In the past month, there have been two events which, although completely unrelated, seem to occupy the same realm of public consciousness. On February 27th, we lost Leonard Nimoy at age 83, the actor most famously known as Mr. Spock, the eminently logical lieutenant commander of the USS Enterprise in the sci-fi series Star Trek. Nimoy’s
|Leonard Nimoy in Star Trek|
performance became a crucial part of defining the iconic crew who instilled a set of values in a generation of fans as William Shatner spoke the credo ”to explore strange new worlds, to seek out new life and new civilizations, to boldly go where no man has gone before.” These words seem wholly appropriate as NASA’s probe Dawn approaches the dwarf planet Ceres, a large body in the asteroid belt between Mars and Jupiter that has been photographed from afar but never properly explored or analyzed beyond what space telescopes and mathematics allow.Even as fans mourn Nimoy’s passing and celebrate his life, missions like this prove that mankind is more eager than ever to exercise their own inclinations to explore new worlds, in ways that may have been seen as relegated to the realm of science fiction only decades ago.
Decades is sometimes a necessary term when talking about space exploration. Due to the amount of planning, the exorbitant amount of funding, and the logistics of allowing craft to travel millions of miles, the time between conceptualization of a mission and realization of its objective can be a long stretch. This particular mission that would eventually allow Dawn to reach Ceres saw its start in 1996, did not achieve funding until 2004, and is just now reaching Ceres in 2015, although its initial objective the asteroid Vesta was reached in mid-2011. Now that Dawn has reached Ceres, it will still take roughly a month for it to achieve a place in the dwarf planet’s orbit suitable for transmitting back data to the scientists stationed on Earth. Space science is not a realm of instant gratification. Those on the outside may need to temper their expectations as to what this type of mission may discover, even though to NASA scientists it has the possibility to be immensely exciting.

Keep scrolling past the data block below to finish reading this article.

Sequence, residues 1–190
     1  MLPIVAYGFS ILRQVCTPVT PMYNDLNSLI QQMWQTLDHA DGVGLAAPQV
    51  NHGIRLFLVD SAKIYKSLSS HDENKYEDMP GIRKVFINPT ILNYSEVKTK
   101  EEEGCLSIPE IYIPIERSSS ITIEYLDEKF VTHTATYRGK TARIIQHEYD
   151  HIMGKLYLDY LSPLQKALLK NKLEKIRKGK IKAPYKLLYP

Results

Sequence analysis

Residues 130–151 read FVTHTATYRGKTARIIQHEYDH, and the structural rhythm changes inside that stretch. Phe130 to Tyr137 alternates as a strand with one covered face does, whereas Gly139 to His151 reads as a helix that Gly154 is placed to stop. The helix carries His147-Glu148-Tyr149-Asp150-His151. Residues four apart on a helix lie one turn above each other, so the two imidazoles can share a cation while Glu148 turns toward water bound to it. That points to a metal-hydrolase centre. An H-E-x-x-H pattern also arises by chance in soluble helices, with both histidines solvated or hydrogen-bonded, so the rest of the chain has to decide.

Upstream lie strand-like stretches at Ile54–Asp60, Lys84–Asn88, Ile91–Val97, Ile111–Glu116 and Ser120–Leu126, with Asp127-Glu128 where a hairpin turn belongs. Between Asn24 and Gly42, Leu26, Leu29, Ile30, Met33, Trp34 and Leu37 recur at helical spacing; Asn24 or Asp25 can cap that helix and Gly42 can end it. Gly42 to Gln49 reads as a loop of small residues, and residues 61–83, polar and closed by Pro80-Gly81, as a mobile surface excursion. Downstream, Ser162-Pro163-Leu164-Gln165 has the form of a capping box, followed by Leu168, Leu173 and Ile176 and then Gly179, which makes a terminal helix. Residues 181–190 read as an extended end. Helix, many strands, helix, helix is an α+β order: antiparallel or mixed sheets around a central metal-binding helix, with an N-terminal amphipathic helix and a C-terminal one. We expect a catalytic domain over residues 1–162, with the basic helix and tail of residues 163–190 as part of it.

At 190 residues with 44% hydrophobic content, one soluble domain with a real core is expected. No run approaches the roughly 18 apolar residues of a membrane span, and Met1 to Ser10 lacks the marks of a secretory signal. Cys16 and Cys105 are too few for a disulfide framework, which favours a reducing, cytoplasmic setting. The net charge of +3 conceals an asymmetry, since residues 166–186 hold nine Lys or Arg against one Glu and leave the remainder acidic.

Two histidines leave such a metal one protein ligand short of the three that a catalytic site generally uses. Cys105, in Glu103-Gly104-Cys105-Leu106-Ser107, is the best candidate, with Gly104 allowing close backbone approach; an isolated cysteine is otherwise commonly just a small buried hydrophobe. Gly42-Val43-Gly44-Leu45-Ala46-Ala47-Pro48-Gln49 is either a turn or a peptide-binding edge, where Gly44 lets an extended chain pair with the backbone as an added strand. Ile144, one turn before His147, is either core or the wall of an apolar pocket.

The hope is not to find the gleaming spires of crystalline palaces amidst the dwarf planet’s crags, or the broken apart remnants of an alien civilization’s spaceships jutting from the ice cap. What is of immense interest is the possibility of liquid water, one of the crucial elements to life on our planet and a hint that abiogenesis could occur elsewhere in our solar system, even if it was relegated to the simplest of life forms.In the case of Dawn’s mission, one of the primary objectives is not to search for remnants of possible unicellular organisms such as with the Curiosity rover on Mars, but rather to help determine more information about how bodies like Ceres and Vesta form. Carol Raymond, Dawn’s deputy principal investigator recently told CBS news, “We know that Ceres retained a lot of volatiles and its shape is consistent with a differentiation into a rocky core and an ice mantle,” and then added, “It’s inevitable that that ice would have existed as an ocean at some time in the past.”She also refers to Ceres and Vesta as “fossils,” and this is accurate in the way that NASA’s scientists will be trying to forensically understand what happened in the past on a geological time scale that dwarfs that of paleontologists studying the fossils of biological organisms.